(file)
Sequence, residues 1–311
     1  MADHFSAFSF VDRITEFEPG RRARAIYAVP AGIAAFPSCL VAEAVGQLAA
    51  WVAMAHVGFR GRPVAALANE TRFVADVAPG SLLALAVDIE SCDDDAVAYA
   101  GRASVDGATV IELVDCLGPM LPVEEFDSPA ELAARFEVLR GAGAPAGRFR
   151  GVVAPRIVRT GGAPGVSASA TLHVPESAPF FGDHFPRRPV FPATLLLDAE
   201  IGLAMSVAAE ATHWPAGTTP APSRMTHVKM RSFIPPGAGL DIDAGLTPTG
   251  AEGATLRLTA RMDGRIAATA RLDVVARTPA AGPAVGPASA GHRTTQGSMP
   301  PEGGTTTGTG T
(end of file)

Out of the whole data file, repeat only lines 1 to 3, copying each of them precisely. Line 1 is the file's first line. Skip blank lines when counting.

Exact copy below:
Sequence, residues 1–311
     1  MADHFSAFSF VDRITEFEPG RRARAIYAVP AGIAAFPSCL VAEAVGQLAA
    51  WVAMAHVGFR GRPVAALANE TRFVADVAPG SLLALAVDIE SCDDDAVAYA